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Marvin Sobotka and Joseph Waigand v. Ramez A. Salamah


January 9, 2013


Appeal from the Iowa District Court for Ringgold County, Sherman W. Phipps, Judge.

The opinion of the court was delivered by: Vaitheswaran, P.J.

Landowners challenge the sufficiency of the evidence supporting the district court's finding of liability for the obstruction of the flow of water onto the plaintiffs' land, as well as the court's award of punitive damages and injunctive relief. In a cross-appeal, the prevailing parties contend they were entitled to an additional damage award. AFFIRMED IN PART, REVERSED IN PART, AND REMANDED.

Considered by Vaitheswaran, P.J., and Potterfield and Bower, JJ.

Landowners and their farm tenant were found to have obstructed the natural flow of water from an adjacent farm. The landowners challenge the sufficiency of the evidence supporting the district court's finding of liability as well as the court's award of punitive damages and injunctive relief. In a cross-appeal, the prevailing parties contend they were entitled to an additional damage award.

I. Background Facts and Proceedings

Plaintiff Marvin Sobotka was a long-time owner of farmland in Ringgold County. He rented his land to plaintiff Joe Waigand. Defendants Ramez and Leslie Salamah owned farmland to the south of Sobotka's property. They rented their land to defendant Gary Klejch.*fn1

A fence divided Sobotka's property from the Salamahs' land to the south. The Grand River bordered both properties to the west. Sobotka drained water from his property through small ditches known as "dead furrows" that bisected the fence in several areas. The water flowed into what he contended was an east-west waterway that merged with the Grand River on the Salamah's side of the fence.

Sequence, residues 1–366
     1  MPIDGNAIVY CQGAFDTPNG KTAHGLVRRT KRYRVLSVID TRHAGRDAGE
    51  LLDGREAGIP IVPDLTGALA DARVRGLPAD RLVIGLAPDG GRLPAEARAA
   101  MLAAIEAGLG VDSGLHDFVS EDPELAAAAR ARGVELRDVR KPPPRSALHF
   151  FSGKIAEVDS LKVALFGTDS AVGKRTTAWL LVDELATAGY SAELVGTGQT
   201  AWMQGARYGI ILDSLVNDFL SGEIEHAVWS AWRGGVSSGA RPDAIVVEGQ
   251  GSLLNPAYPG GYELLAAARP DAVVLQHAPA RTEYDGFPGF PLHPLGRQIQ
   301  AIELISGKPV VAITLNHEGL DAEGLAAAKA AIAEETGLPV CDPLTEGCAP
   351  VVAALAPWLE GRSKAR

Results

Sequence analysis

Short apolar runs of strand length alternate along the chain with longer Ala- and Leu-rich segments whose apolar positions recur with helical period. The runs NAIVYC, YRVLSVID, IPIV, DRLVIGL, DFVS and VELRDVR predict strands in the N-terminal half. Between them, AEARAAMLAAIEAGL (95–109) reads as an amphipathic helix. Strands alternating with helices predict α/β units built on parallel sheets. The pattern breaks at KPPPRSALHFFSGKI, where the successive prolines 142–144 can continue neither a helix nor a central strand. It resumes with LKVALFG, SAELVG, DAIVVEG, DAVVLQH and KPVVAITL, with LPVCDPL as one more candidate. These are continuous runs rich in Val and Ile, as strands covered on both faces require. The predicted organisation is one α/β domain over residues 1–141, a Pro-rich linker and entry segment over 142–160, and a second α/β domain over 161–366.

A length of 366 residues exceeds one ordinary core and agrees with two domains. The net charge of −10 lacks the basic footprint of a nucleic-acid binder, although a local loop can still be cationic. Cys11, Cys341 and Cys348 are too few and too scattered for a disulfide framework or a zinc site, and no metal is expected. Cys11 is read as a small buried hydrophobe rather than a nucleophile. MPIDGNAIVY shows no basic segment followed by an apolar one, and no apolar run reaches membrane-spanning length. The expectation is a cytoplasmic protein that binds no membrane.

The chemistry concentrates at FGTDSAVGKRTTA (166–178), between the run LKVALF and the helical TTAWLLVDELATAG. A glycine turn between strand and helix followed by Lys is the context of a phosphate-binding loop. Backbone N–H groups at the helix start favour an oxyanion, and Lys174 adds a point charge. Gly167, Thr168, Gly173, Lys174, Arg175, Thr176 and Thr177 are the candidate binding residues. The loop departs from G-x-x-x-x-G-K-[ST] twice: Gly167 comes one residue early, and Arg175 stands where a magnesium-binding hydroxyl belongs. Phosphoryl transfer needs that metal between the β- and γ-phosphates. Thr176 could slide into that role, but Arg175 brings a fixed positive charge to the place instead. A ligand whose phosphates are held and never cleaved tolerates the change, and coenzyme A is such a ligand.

In the spring following the 2008 floods, Sobotka cleaned and expanded the dead furrows. The Salamahs responded by plowing dirt against the furrows.

Sobotka sued the Salamahs, alleging they "blocked and impeded the established drainage from plaintiffs' land, causing water to remain standing on plaintiffs' land." He raised negligence and nuisance causes of action and prayed for compensatory and punitive damages, as well as double damages under a statutory provision governing levee or drainage improvements. See Iowa Code § 468.148 (2009). The Salamahs counterclaimed for trespass.

Following a bench trial, the district court concluded the Salamahs "had a duty to not interfere with the established drainage rights of the plaintiffs," they breached that duty by destroying a waterway and blocking drainage openings, they created a "private nuisance" by obstructing Sobotka's free use of his farm, and they were liable for compensatory damages of $13,260.46 and punitive damages of $15,000 but not statutory double-damages as requested by Sobotka. The court ordered the Salamahs to abate the nuisance and enjoined them from creating any obstacle that would impede the natural flow of water from Sobotka's farm onto their property. Finally, the court dismissed the Salamahs' trespass counterclaim. The Salamahs appealed and Sobotka cross-appealed from the denial of statutory damages.

II. Salamahs' Appeal

A. The Merits